We have not had personal photos displayed in our home for over 2 years. This is sad to me. We took them down when we put the old house for sale, and they've been lingering in a neglectful pile in the basement ever since. Not to mention the masses of more photos in my dad's back office, i.e. catch-all for everything we haven't found a place for yet in this house. So for Christmas I gave my dad some service coupons, which included "organizing the pile of photos."
A bigger task than I first realized. But fun. He asked me also to organize the basement and the attic, and of course I said yes. So that is my job for Jan-term, and what a job it will be.

But really, I'm looking forward to it. I'm just on the photos now, and it's fun to go through and see our personalities change through pictures. Jim was a stern and unsmiling toddler who is a goofball by the time he's eight. I was a flamboyant camera-loving diva, until I stopped smiling when I was nine (when I figure out how to scan photos in a .jpg instead of .jsp format, I'll show you on here!).

And it will be fun to re-discover all the treasures in the attic, like the mallard duck sketch I always loathed and the Anacapri watercolor I loved. It's a treasure hunt into the forgotten, and who knows what I'll find?

In other news: my mom and I spent 20 minutes on Sunday morning coordinating our outfits (she used to dress me up. Now I dress her up). What with the sickness, I go to be first and wake up last (solid 11 hours, night before last). It feels lazy and wasteful, and oh so wonderful. Erin visited yesterday, and we spent yes, the entire time, watching "A Very Potter Musical," and I loved it.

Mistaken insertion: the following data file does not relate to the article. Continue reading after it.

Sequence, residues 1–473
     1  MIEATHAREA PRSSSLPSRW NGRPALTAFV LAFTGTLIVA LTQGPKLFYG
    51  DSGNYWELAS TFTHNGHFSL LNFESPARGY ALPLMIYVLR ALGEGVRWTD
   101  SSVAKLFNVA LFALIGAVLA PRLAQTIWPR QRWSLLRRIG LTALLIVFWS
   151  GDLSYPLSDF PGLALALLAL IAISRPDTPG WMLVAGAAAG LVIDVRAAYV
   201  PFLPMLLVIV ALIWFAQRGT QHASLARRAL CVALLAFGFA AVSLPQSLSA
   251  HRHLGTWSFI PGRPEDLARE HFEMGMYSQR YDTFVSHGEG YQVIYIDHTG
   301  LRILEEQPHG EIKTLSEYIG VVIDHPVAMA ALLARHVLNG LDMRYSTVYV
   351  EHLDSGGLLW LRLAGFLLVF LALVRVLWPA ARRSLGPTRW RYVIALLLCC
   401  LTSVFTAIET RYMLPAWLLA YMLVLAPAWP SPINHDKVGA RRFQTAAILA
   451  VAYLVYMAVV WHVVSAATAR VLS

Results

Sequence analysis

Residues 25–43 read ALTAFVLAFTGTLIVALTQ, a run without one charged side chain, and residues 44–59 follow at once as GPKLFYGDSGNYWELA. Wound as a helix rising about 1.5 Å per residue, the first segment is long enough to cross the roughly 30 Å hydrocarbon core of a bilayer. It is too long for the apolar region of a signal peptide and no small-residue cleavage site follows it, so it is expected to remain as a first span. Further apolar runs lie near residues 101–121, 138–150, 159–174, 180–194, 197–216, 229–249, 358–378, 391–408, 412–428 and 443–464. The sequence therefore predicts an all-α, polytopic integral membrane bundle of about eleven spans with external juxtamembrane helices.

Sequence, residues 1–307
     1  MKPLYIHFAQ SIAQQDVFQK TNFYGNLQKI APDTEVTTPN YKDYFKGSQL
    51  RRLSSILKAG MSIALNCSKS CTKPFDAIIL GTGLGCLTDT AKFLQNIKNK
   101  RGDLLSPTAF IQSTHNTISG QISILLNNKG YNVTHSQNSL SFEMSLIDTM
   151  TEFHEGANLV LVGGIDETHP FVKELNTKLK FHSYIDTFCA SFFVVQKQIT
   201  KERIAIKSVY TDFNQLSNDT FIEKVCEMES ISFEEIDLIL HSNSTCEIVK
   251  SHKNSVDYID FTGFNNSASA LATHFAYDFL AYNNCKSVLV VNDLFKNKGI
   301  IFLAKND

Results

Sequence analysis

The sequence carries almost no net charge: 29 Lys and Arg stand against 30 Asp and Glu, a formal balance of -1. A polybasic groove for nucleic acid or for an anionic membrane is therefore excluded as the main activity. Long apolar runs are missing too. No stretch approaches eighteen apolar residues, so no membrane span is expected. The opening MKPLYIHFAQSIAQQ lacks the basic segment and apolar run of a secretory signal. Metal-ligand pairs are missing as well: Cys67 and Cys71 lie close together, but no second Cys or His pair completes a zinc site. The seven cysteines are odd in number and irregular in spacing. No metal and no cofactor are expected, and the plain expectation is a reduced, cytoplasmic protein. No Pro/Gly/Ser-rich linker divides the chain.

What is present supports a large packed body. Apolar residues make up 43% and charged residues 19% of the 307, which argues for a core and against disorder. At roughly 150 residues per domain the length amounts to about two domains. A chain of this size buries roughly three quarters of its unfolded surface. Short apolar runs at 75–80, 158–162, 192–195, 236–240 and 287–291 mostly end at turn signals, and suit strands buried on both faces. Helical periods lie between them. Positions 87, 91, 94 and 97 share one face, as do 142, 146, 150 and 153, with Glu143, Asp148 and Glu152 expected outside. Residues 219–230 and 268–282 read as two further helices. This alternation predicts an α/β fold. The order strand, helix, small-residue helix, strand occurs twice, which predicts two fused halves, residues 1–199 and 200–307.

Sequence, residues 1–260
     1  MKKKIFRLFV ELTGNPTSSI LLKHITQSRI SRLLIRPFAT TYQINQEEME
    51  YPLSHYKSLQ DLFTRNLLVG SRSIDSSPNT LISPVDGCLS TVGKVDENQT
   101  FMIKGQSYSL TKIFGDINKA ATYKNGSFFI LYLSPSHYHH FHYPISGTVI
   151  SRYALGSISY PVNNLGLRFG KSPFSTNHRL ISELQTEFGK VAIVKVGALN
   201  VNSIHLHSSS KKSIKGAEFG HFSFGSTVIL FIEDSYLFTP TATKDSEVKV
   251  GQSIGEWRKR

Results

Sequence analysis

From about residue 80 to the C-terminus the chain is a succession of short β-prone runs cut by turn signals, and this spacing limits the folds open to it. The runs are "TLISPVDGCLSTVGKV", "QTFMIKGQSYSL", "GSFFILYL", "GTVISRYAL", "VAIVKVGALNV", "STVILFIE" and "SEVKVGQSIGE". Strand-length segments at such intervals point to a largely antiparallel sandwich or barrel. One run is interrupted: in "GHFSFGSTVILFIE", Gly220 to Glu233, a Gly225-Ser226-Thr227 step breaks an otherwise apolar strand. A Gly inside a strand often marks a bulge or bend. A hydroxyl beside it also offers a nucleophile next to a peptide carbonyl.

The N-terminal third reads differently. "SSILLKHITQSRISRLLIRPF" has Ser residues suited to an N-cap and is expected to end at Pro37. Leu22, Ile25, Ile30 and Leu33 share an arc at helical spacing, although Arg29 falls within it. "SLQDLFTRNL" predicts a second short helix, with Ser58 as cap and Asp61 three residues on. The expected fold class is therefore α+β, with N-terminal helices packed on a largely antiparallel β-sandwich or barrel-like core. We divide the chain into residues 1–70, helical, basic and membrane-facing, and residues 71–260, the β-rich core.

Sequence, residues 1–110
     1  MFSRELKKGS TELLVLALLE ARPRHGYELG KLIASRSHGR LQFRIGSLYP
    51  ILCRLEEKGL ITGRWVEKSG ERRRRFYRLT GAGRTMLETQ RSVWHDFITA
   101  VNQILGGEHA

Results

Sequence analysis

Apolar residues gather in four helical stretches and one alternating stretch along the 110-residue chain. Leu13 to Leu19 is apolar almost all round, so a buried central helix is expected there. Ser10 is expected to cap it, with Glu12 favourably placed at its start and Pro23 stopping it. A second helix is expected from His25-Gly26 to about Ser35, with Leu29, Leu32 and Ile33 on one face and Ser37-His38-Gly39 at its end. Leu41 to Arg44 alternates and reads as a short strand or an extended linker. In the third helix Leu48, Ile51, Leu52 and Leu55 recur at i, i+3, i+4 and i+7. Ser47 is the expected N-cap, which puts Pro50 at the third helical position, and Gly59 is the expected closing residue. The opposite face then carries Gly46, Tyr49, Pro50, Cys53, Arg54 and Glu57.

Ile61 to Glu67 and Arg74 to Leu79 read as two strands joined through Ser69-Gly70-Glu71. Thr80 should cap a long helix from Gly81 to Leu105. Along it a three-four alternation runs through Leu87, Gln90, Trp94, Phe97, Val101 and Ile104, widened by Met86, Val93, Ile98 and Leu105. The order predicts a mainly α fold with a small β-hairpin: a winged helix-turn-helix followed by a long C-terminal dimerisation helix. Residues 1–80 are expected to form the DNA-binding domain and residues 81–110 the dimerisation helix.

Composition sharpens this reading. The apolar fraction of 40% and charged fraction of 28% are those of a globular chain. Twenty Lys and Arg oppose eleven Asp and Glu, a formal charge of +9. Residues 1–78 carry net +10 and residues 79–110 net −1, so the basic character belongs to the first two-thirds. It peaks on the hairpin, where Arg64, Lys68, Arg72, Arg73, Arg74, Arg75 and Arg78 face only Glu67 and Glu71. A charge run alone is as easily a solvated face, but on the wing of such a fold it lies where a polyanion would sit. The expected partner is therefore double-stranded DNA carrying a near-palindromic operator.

And my dog, my Sweet Dog, who we kept warm and safe in the War Room last night, and I was reminded of just how much I love him more all the time. His sweet velvet fragile tents of ears. His wide submissive eyes when he wants to be stroked. His exuberant happy eyes when he tries to knock me down in his excitement. The way he runs off in the completely opposite direction when I throw the ball for him. His sweet snuffling nose and the way he tries to lick all over my face (I understand I may be the only one who appreciates this. No one else is expected to enjoy my dog's slobbering. End of disclaimer). Sweet sweet Mo.